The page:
I retired from the SUNY Buffalo English Department in 2004. Have published a dozen or so collections of poems. Such my addiction to the sport of squash racquets my headstone is to read: "ONE MORE GAME?" See more of my poems HERE.
Editor's Note: In his submission letter to me, Irving wrote about this poem: "What has interested me from time to time isn't "newness" as such but what may be thought of as primal newness, the recovery and restoration of the Original. In "Leaping Clear" space and light are liberated — until Brooklyn as it is now is seen as if on the first Sabbath, come fresh from the hand of God. Also, New York's history and essence as a maritime city are envisioned. (I was born and raised in Coney Island, and worked on the docks. There's very little of the New York littoral I haven't visited.)"
Circumambulate the city of a dreamy Sabbath afternoon. Go from Corlears Hook to Coenties Slip, and from thence, by Whitehall, northward. What do you see? — Posted like silent sentinels all around the town, stand thousands upon thousands of mortal men fixed in ocean reveries. --Herman Melville
Excrescence, excrement, earth
belched in buildings — the city
is the underworld in the world.
They wall space in or drag it down,
lock it underground in holes and subways,
fetid, blackened, choking.
grimed with coal and ash, shovel in hand,
his dust-sputting putz in the other,
like death's demiurge come up to look
around, to smudge the evening air,
the old Polack janitor on Clinton Street,
turd squat in the tenement anus,
stands half-underground in darkness
of the cellar steps and propositions
passing children in a broken tongue.
Quickly, they crowd, they age, they plunge
into holes, and are set to work.
Encountered at estuary
end across beaches and dunes,
or opening out of the breakwater's
armlock, a last magnitude
of bay, or beyond the crazywork
of masts and rigging down a street
suddenly, the sea stuns,
moving into itself, gray over
green over gray, with salt smell
and harbor smells, tar, flotsam,
fish smell, froth, its sentient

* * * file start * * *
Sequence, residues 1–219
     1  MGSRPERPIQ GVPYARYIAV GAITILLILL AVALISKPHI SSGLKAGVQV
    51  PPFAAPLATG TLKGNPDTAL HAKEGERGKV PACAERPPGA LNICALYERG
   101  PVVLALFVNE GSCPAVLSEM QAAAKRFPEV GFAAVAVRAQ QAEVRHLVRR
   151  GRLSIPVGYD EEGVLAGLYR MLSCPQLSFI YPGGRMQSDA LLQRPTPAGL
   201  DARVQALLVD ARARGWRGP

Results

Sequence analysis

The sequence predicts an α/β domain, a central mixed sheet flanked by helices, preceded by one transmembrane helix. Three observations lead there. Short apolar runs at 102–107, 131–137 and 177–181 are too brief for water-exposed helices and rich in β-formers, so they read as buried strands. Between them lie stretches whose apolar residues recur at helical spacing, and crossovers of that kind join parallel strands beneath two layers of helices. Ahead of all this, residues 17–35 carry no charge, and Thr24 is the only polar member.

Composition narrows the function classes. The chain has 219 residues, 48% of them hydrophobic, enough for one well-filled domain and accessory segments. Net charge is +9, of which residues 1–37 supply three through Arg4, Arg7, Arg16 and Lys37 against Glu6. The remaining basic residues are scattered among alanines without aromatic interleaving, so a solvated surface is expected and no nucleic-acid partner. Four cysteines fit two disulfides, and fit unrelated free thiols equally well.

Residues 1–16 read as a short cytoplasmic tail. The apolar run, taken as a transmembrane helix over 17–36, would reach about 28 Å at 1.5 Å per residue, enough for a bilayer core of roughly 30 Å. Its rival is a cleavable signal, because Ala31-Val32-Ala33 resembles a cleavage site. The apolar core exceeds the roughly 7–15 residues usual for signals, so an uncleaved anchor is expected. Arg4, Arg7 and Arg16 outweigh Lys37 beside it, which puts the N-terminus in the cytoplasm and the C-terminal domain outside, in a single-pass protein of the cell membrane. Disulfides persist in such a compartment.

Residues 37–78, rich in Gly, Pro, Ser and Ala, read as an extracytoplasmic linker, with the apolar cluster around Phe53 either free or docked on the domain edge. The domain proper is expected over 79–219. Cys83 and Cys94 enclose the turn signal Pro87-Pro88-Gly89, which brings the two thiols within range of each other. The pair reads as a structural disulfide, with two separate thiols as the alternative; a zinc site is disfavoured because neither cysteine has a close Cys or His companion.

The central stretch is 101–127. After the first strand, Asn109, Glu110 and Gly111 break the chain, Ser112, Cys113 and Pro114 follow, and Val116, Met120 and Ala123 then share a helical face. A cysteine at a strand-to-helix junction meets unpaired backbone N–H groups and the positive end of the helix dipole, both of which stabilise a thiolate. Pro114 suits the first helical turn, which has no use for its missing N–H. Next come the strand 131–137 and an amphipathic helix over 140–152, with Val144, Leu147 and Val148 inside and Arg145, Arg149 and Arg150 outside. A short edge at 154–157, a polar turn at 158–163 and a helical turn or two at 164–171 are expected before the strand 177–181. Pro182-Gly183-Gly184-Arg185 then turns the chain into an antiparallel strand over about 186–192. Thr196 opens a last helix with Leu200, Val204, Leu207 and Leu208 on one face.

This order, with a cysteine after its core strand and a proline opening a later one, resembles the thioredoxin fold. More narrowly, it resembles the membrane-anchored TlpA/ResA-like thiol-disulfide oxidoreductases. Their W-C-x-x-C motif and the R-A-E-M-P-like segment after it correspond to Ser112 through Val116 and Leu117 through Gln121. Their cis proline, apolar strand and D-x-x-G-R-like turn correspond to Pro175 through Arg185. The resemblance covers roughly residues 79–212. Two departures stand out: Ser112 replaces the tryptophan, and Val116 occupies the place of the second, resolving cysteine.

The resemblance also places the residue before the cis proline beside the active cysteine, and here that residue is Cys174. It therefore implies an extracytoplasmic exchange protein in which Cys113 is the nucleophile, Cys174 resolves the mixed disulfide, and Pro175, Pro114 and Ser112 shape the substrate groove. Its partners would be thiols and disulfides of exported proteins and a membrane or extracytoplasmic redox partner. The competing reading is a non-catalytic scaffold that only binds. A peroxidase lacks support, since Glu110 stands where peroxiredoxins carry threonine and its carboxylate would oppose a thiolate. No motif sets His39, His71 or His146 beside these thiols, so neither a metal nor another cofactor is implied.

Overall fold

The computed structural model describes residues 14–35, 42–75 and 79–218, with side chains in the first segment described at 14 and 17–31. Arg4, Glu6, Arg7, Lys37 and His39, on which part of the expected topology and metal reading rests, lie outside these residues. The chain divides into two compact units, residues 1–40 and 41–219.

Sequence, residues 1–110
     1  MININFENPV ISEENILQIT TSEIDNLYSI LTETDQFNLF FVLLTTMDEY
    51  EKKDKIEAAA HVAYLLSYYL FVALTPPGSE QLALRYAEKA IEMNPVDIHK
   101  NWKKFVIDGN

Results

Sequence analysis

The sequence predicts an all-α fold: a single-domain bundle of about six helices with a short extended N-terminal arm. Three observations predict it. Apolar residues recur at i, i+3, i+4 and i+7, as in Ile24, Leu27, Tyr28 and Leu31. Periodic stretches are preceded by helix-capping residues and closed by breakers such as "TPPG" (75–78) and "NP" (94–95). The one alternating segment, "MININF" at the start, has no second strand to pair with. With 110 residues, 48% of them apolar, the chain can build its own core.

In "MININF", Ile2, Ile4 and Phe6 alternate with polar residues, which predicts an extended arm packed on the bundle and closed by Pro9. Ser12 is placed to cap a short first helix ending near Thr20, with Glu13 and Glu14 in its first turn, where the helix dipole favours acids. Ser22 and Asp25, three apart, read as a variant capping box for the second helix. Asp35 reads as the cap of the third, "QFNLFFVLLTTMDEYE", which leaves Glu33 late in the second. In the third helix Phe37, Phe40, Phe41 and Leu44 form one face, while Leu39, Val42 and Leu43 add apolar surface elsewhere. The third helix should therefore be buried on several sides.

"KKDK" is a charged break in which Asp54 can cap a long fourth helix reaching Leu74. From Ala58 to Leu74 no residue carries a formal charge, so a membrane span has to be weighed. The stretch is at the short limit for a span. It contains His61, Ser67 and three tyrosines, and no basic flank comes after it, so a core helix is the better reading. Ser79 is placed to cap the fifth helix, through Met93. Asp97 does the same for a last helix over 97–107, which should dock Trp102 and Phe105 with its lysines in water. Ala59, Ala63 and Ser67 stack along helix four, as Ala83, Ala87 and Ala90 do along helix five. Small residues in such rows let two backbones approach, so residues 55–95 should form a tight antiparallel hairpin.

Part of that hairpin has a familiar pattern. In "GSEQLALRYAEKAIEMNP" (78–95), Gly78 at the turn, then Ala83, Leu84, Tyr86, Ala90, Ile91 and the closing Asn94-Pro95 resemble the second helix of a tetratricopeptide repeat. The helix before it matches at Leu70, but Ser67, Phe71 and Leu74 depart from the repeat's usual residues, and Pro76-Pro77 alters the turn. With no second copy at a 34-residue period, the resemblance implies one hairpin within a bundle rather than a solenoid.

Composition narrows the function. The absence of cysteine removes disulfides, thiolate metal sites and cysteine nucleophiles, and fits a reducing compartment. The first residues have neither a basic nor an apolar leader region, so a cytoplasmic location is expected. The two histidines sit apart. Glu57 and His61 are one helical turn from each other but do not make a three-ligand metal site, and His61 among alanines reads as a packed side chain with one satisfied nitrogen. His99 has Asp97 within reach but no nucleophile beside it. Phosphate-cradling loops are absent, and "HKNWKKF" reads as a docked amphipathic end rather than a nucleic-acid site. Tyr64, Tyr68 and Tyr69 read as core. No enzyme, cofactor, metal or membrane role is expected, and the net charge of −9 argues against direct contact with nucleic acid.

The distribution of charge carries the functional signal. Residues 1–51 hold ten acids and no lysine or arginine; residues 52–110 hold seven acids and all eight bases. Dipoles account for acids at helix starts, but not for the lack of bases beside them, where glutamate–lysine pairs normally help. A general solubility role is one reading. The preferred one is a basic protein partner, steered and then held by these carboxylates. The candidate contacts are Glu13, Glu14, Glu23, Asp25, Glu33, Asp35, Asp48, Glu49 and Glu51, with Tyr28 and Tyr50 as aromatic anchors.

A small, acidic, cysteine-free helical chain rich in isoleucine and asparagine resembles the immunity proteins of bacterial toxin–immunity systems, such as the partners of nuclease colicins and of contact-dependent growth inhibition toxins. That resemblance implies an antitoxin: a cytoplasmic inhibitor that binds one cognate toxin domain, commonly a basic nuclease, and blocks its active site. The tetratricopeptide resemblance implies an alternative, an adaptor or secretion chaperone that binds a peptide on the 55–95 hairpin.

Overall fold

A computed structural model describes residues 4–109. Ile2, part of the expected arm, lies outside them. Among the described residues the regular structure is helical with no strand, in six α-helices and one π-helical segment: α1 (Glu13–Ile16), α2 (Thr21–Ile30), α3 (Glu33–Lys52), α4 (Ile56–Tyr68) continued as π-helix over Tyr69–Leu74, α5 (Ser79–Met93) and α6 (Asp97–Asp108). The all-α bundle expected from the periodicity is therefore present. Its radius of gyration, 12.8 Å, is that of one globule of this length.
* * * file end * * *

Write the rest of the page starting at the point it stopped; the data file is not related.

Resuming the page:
immense transparent space.
Walking in Coney Island, bicycling
in Bay Ridge on the crumbling water-level
promenade under the Verrazano,
walking the heights above the Narrows, driving
on Brooklyn Heights, then slowly at night
under the East River Drive past the empty
fish market, past Battery Park, and then
northward driving along the rotting piers,
or looking downriver from Washington Heights
into the harbor's distant opening,
I recovered one summer in New York
the magical leisure of the lost sea-space.
Breathing, I entered, I became
the open doorway to the empty marvel,
the first Atlantis of light.
Windy sun below the Narrows,
Gravesend scud and whitecaps,
coal garbage gravel
scows bucking off Bensonhurst,
westward, and high
into the blue
it gleams aloft, alert
at the zenith
of leaping, speed
all blown to the wind
— what, standing in air,
what does it say
looking out out out?
And the light
off ridge, rock, window, deep,
I leap clear.
Recalled from the labor of creation,
it was glancing as it flew, and saw
looking out to it the shimmering
of the million points of view. To see
Brooklyn so on a sabbath afternoon
from the heights, to be there beyond
the six days, the chronicle of labors,
to stand in the indestructible space,
encompass the world into whose center
you fly, and be the light looking!
The demiurge of an age of bronze
sees his handiwork and says it is good,
laying down his tools forever.
To see Brooklyn so in the spacious ease
of sabbath afternoon above the Narrows
is to say over and over what our speechless eyes
behold, that it is good, it is good, the first
Brooklyn of the senses, ardent and complete
as it was in the setting out of the sabbath.
©2016 Irving Feldman